Becoming minimalist and raising a daughter (our first, only just a few months old) is a tricky combination. Babies seem to come packaged with a truck-load of extra goodies that soon consume every room of your house. Don’t get me wrong, I smile every time I look at her brightly-colored jungle gym that has taken over our living room floor. It reminds me of her, and the joy she experiences when bouncing in it. But still, I remember shopping for baby items when I was pregnant, cramming every last inch of our generously sized SUV with some item those baby books and sales people INSISTED we needed, or our child would probably die or become an emotionally stunted adult – you know… the bear that sings soothing songs and shines an array of dancing lights on the ceiling that can put your baby to sleep better than you can? Or that adorable looking zoo animal that, without it, you will not be able to soothe your babies aching gums and they will have been forever excluded from the baby “in” group. We are all suckers to it as parents. If you can invent a baby item that parent’s think they can’t live without, you can charge anything for it and make yourself an almost instant millionaire (I am not excluded from this, I bought the bear AND that other zoo animal).
However, getting back to basics…. People have raised these little humans for a VERY long time. Only within the last fifty years or so have we began to really pile on those must have baby items that are mostly more of a luxury than a need. The following list is our own personal experience of what we ended up absolutely needing, and what we could have gone without.
The must haves:
1. A crib. Maybe a little obvious, but there it is.
2. A swing – HOWEVER, swings vary greatly in price ($40-$400). Don’t spend $400. It is a life saver when you need to put your 5 week old down so you can pee, but they will not enjoy the more expensive one over the cheap one. Also, my daughter LOVED her swing… for about a month and then screamed like hell ever time we tried to put her in it. My advise: buy a cheap one or rent one from a local used baby store (some do this!).
3. Enough sleepers and receiving blankets to get through a few days without doing laundry. And by a few days I mean about a dozen changes (account for poopy explosions and spit up on a very regular basis). Believe me, when you are tired and trying to recover from childbirth while tending to a newborn, the last thing you will want to do is laundry.
4. Baby toiletries/diapers/wipes. Again, obvious maybe but I wanted to be thorough 🙂 Only get a small pack of newborn diapers though, some babies go through this size very quickly!
5. A bassinet of some kind (we got a woven basket style). I know some minimalists say you don’t REALLY need this, you can use a clothes hamper and some blankets, but my girl moved and grooved in her sleep and probably could have knocked over a flimsy hamper even at a few weeks old.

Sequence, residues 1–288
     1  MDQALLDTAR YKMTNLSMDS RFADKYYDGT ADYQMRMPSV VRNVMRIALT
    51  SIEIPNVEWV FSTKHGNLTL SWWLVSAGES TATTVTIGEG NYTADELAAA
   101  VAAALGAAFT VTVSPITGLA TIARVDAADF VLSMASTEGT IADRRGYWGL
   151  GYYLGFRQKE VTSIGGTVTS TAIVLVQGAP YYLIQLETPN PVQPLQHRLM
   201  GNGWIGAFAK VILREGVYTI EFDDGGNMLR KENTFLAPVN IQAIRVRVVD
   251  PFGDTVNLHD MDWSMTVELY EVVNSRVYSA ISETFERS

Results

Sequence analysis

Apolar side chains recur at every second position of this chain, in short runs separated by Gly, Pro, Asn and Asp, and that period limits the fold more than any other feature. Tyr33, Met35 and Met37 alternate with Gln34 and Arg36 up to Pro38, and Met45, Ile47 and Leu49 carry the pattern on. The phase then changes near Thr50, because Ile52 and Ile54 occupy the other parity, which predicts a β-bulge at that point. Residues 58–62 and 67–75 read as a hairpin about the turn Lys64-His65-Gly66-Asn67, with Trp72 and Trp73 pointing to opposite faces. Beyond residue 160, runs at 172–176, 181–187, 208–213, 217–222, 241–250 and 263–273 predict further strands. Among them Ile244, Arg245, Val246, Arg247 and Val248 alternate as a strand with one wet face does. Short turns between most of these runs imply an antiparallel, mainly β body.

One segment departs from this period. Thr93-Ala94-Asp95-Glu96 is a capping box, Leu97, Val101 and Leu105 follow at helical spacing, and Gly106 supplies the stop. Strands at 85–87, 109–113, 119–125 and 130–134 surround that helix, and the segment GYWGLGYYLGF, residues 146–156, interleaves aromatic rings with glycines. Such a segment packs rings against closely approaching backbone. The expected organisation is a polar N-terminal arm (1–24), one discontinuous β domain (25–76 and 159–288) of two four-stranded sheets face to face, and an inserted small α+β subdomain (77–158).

6. A baby carrier. I found one used at a kids swap meet for a third of the price of buying new. Poke around the community, these are generally pretty expensive to buy new but again you don’t use it very long and most are in great condition. These are great for when you need to get a few things done around the house or just want to go out to the market without hauling a stroller through crowds.
7. A bag to carry baby essentials. Doesn’t necessarily have to be a diaper bag specifically, and there are lot’s of tutorials online to make one yourself.
Things you can substitute:
– I didn’t buy a diaper genie. I have a garbage can with a baking soda disc at the bottom. We might make a few extra trips to the outside garbage but it has worked just fine and no one has ever complained about a smell.
– I used the plastic bath tub for only a few weeks before my daughter had already outgrown it. The sink and a $7 bath net work fine until you transition to the tub.
– I have the bottle warmer and sanitizer and yes, both are SUPER convenient. However, from a “less buying, more doing” perspective, both of these are expensive and boiling water can substitute both of these things. If you have the money or are so inclined, great, but if not, DON’T STRESS.
– We have a change table, and admittedly we will use it until the diapers are over, but if you are looking to go super-strict minimalist or can’t afford this (these are darn expensive new!), again don’t stress. Babies don’t care where they are changed as long as it is safe! Again, try and find used at a local swap.
See, short list right? In the end, remember that what is most important to that beautiful newborn baby is meeting their basic needs of food, shelter, clothing, and LOVE. In my experience, there is no singing stuffed animal that can help a child to sleep better than your arms can. They don’t smile first at a toy, but at YOU. You are what matters to them…. Maybe we can learn a thing or two from these beautiful little creatures about what is TRULY important in this life.
What do you think? Anything you’d add or take away! Love to hear some feedback.
Until next time friends,